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shim: Function constructor can be tricked into executing the function too early #193

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matt- opened this Issue Jan 14, 2019 · 2 comments

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matt- commented Jan 14, 2019

attn @warner

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warner commented Jan 14, 2019

Matt described a low-impact security bug in the shim to us recently. We've got a fix ready to push, but we're waiting to coordinate with some other potential users before we disclose everything. We'll probably push the fix (and the description) tomorrow.

warner added a commit that referenced this issue Jan 15, 2019

fix sandbox bypass in Function constructor
The `Function(arg1, arg2, body)` constructor works by building a function
definition out of its parameters and then evaluating the generated string. It
is supposed to inspect the parameters to prevent access to global variables,
but Matt Austin found a clever bypass involving back-to-back template
literals.

This allowed execution of arbitrary code in the "safe" global environment,
giving `Function()` authority comparable to our safe `eval()` facility. This
wouldn't give a child Realm any additional power, but if the Realm was using
`Function()` to test that a given untrusted string was a well-formed function
body without actually executing it, this bug would give the source of that
string a surprising temporal power. The attacker's expression would be
executed immediately, whereas function constructors do not execute the
generated function at all (they merely produce a callable value which could
be invoked later).

The attacker's expression can also access `this`, which function bodies
cannot normally reach, but since functions can simply do `eval("this")`, this
is not a net increase in power.

Our fix is to reject all but the simplest of function parameters. We removed
default parameters, destructuring assignment, and the "rest"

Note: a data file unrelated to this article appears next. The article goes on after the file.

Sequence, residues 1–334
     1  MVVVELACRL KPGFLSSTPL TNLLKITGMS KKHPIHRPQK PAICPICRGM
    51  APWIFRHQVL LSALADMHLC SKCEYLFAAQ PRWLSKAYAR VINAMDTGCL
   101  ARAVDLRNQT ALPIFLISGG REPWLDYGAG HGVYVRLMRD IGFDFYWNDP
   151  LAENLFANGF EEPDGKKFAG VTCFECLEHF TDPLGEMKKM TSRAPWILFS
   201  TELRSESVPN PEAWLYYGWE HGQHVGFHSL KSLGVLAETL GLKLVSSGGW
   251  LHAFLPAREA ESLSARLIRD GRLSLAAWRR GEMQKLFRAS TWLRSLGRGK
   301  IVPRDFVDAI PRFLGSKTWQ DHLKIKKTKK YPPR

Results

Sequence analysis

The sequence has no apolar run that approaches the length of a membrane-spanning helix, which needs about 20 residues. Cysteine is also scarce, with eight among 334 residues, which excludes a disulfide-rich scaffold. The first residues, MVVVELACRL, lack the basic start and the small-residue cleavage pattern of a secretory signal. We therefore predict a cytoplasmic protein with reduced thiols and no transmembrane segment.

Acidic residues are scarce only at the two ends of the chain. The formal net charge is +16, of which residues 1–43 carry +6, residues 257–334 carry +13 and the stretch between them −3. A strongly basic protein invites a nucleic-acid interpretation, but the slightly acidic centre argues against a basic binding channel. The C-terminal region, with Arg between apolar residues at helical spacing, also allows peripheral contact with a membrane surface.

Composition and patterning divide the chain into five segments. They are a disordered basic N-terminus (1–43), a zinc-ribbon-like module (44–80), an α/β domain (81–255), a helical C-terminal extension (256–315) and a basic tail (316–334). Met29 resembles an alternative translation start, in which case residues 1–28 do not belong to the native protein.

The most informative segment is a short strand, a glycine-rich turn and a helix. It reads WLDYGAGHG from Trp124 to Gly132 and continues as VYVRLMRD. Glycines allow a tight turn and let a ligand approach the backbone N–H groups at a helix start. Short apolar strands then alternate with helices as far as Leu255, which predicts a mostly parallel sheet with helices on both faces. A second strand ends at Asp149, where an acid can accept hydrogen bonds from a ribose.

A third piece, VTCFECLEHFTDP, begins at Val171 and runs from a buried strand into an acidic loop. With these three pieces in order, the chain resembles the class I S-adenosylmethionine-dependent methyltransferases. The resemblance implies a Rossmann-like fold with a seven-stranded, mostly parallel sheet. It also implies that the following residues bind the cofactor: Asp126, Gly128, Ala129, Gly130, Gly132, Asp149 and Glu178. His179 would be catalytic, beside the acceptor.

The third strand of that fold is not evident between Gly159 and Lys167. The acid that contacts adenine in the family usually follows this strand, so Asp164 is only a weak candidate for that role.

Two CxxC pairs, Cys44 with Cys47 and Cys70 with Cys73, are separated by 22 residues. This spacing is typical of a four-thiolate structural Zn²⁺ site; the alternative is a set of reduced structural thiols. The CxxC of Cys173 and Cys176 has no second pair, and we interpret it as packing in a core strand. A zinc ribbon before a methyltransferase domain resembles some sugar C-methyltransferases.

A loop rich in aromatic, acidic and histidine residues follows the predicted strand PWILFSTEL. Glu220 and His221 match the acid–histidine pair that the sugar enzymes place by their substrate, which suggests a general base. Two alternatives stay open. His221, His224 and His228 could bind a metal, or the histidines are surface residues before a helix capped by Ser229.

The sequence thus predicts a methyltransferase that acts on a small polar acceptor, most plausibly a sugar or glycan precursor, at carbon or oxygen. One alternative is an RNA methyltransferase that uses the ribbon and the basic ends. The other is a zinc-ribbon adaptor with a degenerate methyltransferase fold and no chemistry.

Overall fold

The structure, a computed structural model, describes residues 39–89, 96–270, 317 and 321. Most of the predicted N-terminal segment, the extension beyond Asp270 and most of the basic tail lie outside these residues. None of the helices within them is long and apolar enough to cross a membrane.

parameter (`foo(arg1, ...rest)`), and only allow simple ASCII-based
identifier names.

refs #193
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warner commented Jan 15, 2019

The Function(arg1, arg2, body) constructor works by building a function
definition out of its parameters and then evaluating the generated string. It
is supposed to inspect the parameters to prevent access to global variables,
but Matt Austin (@matt-) found a clever bypass involving back-to-back template
literals.

Function("arg=`", "/*body`){});({x: this/**/")

which would turn into:

    (function(arg=`
    /*``*/){
     /*body`){});({x: this/**/
    })

which parses as a default argument of:

`\n/*``*/){\n/*body`

which is a pair of template literals back-to-back (so the first one nominally
evaluates to the parser to use on the second one), which can't actually
execute (because the first literal evals to a string, which can't be a parser
function), but that doesn't matter because the function is bypassed entirely.
When that gets evaluated, it defines (but does not invoke) a function, then
evaluates a simple {x: this} expression, giving access to the safe global.

This allowed execution of arbitrary code in the "safe" global environment,
giving Function() authority comparable to our safe eval() facility. This
wouldn't give a child Realm any additional power, but if the Realm was using
Function() to test that a given untrusted string was a well-formed function
body without actually executing it, this bug would give the source of that
string a surprising temporal power. The attacker's expression would be
executed immediately, whereas function constructors do not execute the
generated function at all (they merely produce a callable value which could
be invoked later).

The attacker's expression can also access this, which function bodies
cannot normally reach, but since functions can simply do eval("this"), this
is not a net increase in power.

Our fix is to reject all but the simplest of function parameters. We removed
default parameters, destructuring assignment, and the "rest"
parameter (foo(arg1, ...rest)), and only allow simple ASCII-based
identifier names.

@warner warner closed this Jan 15, 2019

@warner warner changed the title undisclosed security bug shim: Function constructor can be tricked into executing the function too early Jan 15, 2019

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